New Possibilities: Abstract Paintings from the Seventies
Piper Gallery, until 21 December 2012
Mali Morris RA, 'Purple Heart', 1979. Courtesy of the artist and The Piper Gallery. A new exhibition at the Piper Gallery in London’s Fitzrovia argues that while we may think the post-war progress of abstract art came to a halt in the 1970s – stopped in its tracks by the prominence of minimalist sculpture, conceptualism and performance art – in fact that decade saw a diverse range of artists expand abstract visual vocabulary in interesting new directions.
Fourteen artists, all still active today, are presented in the show, including Academicians Tess Jaray, Frank Bowling, Albert Irvin and Mali Morris. The latter is represented by the wonderful Purple Heart, 1979, which straddles geometric abstraction and the neo-expressionism that was to become the norm of the 1980s.
Josephsohn, 'Untitled' (Vreni), 1985. Brass. 90 x 27 x 23 cm / 35 3/8 x 10 5/8 x 9 in. © Josephsohn Estate. Courtesy Hauser & Wirth and Kesselhaus Josephsohn / Galerie Felix Lehner. Photo: Katalin Deér, Kesselhaus Josephsohn. Josephsohn
Hauser & Wirth, Piccadilly, until 19 January 2013
If you visited the Frieze Art Fair sculpture park in Regent’s Park this year, you would have encountered the work of Hans Josephsohn. The late Zurich-based artist devoted seven decades to representing the human form in statues and reliefs notable for their rough texture – although they are cast bronze, they have the same vitality of wet plaster newly moulded by the artist’s hands.
It is only in the last decade that his reputation has grown outside Switzerland. A survey of his work at Hauser & Wirth in London’s Piccadilly has opened this week, before significant shows at Modern Art Oxford and Yorkshire Sculpture Park in 2013; last year he was the subject of a major solo exhibition at Lismore Castle, for which Emma Crichton Miller wrote a lovely piece for this blog – read it here.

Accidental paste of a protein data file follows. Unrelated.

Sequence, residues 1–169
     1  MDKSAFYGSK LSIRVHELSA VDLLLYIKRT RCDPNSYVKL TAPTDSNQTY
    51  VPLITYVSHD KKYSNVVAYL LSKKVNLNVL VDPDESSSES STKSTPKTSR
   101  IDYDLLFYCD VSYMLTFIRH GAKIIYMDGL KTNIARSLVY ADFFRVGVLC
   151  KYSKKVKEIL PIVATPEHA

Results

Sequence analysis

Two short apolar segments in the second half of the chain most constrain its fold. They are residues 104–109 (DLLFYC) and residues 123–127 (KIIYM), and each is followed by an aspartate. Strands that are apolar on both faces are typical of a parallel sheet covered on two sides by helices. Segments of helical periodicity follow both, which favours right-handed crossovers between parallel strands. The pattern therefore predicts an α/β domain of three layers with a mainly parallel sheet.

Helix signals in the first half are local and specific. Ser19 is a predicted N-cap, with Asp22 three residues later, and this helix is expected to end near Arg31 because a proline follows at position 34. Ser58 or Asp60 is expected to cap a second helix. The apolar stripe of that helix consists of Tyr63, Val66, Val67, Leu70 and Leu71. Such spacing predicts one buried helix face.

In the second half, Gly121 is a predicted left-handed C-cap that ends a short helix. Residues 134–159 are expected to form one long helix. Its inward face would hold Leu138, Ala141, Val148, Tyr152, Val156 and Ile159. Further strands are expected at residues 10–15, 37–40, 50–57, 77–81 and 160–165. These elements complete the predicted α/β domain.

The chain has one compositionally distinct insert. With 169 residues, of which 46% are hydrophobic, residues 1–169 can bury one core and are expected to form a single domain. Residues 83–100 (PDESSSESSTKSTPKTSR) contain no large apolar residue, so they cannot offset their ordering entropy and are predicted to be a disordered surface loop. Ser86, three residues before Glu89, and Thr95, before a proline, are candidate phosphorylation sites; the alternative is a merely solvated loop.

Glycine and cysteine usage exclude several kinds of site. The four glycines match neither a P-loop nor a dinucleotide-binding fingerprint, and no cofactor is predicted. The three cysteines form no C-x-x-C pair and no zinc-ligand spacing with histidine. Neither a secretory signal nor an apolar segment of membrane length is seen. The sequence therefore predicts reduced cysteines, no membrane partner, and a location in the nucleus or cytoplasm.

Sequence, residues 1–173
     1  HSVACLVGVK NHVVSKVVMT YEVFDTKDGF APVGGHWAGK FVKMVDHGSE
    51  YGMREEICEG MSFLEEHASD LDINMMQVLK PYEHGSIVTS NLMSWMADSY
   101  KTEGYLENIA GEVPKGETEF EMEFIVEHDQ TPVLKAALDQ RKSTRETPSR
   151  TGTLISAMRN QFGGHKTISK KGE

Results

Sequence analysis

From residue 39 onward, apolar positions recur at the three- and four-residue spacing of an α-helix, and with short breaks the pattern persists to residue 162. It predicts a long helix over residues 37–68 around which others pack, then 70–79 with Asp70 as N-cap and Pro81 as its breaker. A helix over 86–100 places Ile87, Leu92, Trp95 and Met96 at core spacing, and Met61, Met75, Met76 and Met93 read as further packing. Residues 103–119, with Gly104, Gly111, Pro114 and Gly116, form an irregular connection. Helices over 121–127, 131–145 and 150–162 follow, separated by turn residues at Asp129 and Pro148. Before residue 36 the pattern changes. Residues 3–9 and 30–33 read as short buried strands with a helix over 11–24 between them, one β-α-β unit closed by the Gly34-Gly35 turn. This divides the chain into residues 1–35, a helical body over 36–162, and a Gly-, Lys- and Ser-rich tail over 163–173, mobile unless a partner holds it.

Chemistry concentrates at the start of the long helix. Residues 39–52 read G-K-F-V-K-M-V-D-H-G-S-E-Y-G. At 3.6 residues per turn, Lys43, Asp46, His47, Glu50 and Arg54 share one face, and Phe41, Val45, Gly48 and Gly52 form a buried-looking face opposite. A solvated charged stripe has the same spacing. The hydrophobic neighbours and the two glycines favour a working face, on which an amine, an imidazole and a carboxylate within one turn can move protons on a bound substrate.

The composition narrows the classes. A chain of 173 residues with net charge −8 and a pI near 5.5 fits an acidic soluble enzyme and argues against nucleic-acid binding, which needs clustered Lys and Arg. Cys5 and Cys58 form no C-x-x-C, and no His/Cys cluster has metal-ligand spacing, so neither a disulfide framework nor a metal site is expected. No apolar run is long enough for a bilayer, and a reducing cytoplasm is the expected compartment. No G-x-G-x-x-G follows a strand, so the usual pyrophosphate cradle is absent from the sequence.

Some of the most affecting works he produced were in his later years: abstracted half-figures and torsos that lack physiological detail, appearing like boulders.
Florian Hecker, 'Chimerization' Process Production Still, 2012. Copyright the artist, courtesy Sadie Coles HQ, London. Florian Hecker
Sadie Coles HQ, until 19 January 2013
For this year’s Documenta 13 art exhibition in Kassel the German-born audio artist Florian Hecker contributed a work entitled Chimerization.
Three speakers suspended from the ceiling broadcast narrations of a text work, based on a libretto by the Iranian philosopher Reza Negarestani, in three different languages: English, Farsi and German. Negarestani’s text had the subject of another triplicate form: the chimera, three-headed beast of Greek mythology formed by serpent, lioness and goat.
But each recording was distorted beyond recognition – the words were mangled in on themselves and warped further by layers of sonic fuzz. Sadie Coles HQ in London’s West End stages Chimerization from this Friday, together with two other works also described by the artist as “text sound pieces”.
House of Voltaire
Mayfair, until 15 December 2012
Studio Voltaire in Clapham, London, is more than just a studio complex; as well as giving artists spaces to practise, it organises significant exhibitions, events and residencies that attract critical acclaim from the most cutting-edge corners of the contemporary art scene.
Courtesy of Studio Voltaire. Photo credit: Mariona Otero.
In order to raise funds for its programmes, it has launched a short-term pop-up shop in Mayfair selling limited-edition prints, unique works, fashion items and objects for the home. Merchandise includes a small sculpture by Sarah Lucas, a silk scarf by Turner Prize nominee Mark Titchner and T-shirts produced collaboratively by fashion designer Lulu Kennedy and RA Schools student Eddie Peake.
Sam Phillips is a London-based arts journalist and contributor to RA Magazine